Machine Learning on a DMOJ problem: TLE18P1 - Hello, World!
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Machine Learning on a DMOJ problem: TLE18P1 - Hello, World!

Introduction

TLE 2018-19 P1 - Hello, World! is from an April Fools’ Day contest; it’s not a serious competitive programming problem. If you take a look closely at the sample input, you might figure that the 2 means that there are two test cases and each case is a 28x28 grid of floats. The answers to the cases are 1 and 5 respectively. Now you might think of visualizing these grids:

 1 2 3 4 5 6 import matplotlib.pyplot as plt n = int(input()) for _ in range(n): a = [list(map(float, input().split())) for i in range(28)] plt.imshow(a, cmap='binary') plt.show()

Aha! They’re hand-drawn digits! So that’s what the chalkboard image was about.

If you search up “classifying hand drawn digits,” you’ll find that this is a classical machine learning problem. It’s called the “Hello World” of ML.

To solve this problem, we need a neural network to classify the input digits. The problem statement doesn’t say what accuracy is needed, but users commented that we need 95% accuracy to get full marks. If you aren’t familiar with neural networks, 3Blue1Brown does a good job explaining it here.

How to solve it on DMOJ

We can’t import an NN from a DMOJ submission, so we’ll need to write our own neural network. The feed-forward needs to be written by hand, but we don’t have to write code to trains our model. We could train it elsewhere and export the edge weights, but I wanted to test my understanding and implementation skills, so I decided to do it from scratch. Well, not exactly from scratch… I got my training data from MNIST.

After extracting the gzip archives and converting the binary files to plaintext, we can train. My first (working) neural network was something like this:

I treated the 0th node in each layer as a dummy source for biases. All edges going into dummy nodes had a weight of 0 except for the one coming from the bias of the previous row, which had a value of 1. I also added a 0th dummy node in the input layer that always had a value of 1, so that it would feed all the biases.

DMOJ’s source code character limit

It took a lot of debugging to get my model to work. I then had to face the 64k character limit on DMOJ. My original neural network needed 223k characters to store its edges. I decided to do a 5x5 convolution and 2x2 max pooling in order to shrink my input layer from 28x28 to 12x12 nodes. My new model only needs 45k characters. Plus, it also takes less time to train.

Another way to get around the character limit is to do data compression.

 1 2 3 4 5 6 7 8 9 10 11 12 13 14 15 16 17 18 19 20 21 22 23 24 25 26 27 28 29 30 31 32 33 34 35 36 37 38 39 40 41 42 43 44 45 46 47 48 49 50 51 52 53 54 55 56 vvd convolution(vvd pre, int sz){ int n = size(pre); vvd cur(n-sz+1, vd(n-sz+1)); for(int i = 0; i < n-sz+1; i++){ for(int j = 0; j < n-sz+1; j++){ for(int x = 0; x < sz; x++){ for(int y = 0; y < sz; y++){ cur[i][j] += pre[i+x][j+y]/sz/sz; } } } } return cur; } vvd max_pooling(vvd pre, int k){ int n = size(pre); assert(n%k == 0); int sz = n/k; vvd cur(sz, vd(sz)); for(int i = 0; i < sz; i++){ for(int j = 0; j < sz; j++){ for(int x = 0; x < k; x++){ for(int y = 0; y < k; y++){ cur[i][j] = max(cur[i][j], pre[i*k+x][j*k+y]); } } } } return cur; } vd flatten(vvd pre){ vd cur; for(auto i: pre){ for(auto j: i){ cur.push_back(j); } } return cur; } pair read_and_convolute(ifstream &in){ vd ans(10); int x; in>>x; ans[x] = 1; vvd cur(28, vd(28)); for(auto &i: cur){ for(auto &j: i){ in>>j; } } cur = convolution(cur, 5); cur = max_pooling(cur, 2); return {ans, flatten(cur)}; }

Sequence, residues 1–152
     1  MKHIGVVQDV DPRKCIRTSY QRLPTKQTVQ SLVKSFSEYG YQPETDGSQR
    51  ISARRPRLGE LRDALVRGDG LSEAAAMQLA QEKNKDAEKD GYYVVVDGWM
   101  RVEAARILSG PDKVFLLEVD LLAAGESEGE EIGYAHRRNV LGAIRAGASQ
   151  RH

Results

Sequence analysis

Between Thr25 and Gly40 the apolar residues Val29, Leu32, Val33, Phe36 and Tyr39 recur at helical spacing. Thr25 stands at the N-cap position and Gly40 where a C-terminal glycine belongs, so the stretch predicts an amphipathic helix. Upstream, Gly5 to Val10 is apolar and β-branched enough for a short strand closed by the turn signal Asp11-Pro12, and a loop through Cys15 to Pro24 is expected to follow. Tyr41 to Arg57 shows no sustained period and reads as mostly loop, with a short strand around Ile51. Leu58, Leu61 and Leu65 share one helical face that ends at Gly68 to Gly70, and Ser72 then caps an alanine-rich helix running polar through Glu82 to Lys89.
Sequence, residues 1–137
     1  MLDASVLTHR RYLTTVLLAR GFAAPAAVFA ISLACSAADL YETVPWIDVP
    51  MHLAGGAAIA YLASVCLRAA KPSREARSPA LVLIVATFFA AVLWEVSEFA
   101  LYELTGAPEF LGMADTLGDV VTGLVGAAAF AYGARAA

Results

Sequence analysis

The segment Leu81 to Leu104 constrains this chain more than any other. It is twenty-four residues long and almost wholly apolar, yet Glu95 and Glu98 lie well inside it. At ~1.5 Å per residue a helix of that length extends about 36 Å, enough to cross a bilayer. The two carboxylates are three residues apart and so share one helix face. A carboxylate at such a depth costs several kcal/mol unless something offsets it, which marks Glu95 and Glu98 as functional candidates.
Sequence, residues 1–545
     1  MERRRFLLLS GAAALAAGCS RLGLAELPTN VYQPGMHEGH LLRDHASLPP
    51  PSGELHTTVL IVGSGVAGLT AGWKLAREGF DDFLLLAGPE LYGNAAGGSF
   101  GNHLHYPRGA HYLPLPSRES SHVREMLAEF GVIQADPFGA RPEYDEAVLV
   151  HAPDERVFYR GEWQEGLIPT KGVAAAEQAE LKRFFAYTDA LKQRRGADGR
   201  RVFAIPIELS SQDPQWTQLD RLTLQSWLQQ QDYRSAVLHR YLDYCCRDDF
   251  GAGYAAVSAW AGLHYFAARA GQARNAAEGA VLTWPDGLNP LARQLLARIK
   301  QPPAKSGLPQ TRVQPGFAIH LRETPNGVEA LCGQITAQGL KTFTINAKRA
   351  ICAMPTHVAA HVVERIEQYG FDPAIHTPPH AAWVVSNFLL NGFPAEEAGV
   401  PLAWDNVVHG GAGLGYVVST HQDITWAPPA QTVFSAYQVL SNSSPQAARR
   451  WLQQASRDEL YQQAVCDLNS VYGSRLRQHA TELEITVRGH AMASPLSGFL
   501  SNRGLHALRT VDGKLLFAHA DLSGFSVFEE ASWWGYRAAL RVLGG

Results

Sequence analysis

I could now create a random model and export it to a file.

 1 2 3 4 5 void create_nn(){ neural_network nn; nn.init({12*12, 30, 10}); nn.export_edges(1); }

And I repeatedly improved my model with run():

 1 2 3 4 5 6 7 8 9 10 11 12 13 14 15 16 17 18 19 20 21 22 23 24 25 26 27 28 void run(){ vector> train_set, test_set, tmp; // 60000 in train set // 10000 in test set ifstream train_input("mnist_train.txt"); train_input.exceptions(ifstream::failbit | ifstream::badbit); for(int t = 0; t < 60000; t++){ auto [answer, input] = read_and_convolute(train_input); train_set.push_back({input, answer}); } train_input.close(); neural_network nn; nn.import_edges(); for(int i = 0; i < 20000000; i++){ if(i%100000 == 0){ cerr<<"i "<

Each time it finished training, I made a DMOJ submission to see what my accuracy was. I spent about one hour training in total.

It took me a long time to come up with workable parameters. I settled on 0.01 as my learning rate. I tried doing k-fold cross-validation and training in epochs (with the entire test set), but those methods trained slower than my method of randomly picking 20,000,000 images to use.

There’s a lot more I can do to optimize my code, but the asymptotically worst parts, namely the feed-forward and backpropagation, were good enough.

Conclusion

By coding up an NN by hand, I found gaps in my understanding. This exercise got me to think through every step of my algorithm and how I should tweak my constants. There’s still more I’d like to explore. For example, when I initially used ReLU, I struggled to address exploding gradients. Once again, I obviously won’t write scrappy NNs by hand in the future; this was just a exercise. I hope to bring you more fun content in the future. Bye! 👋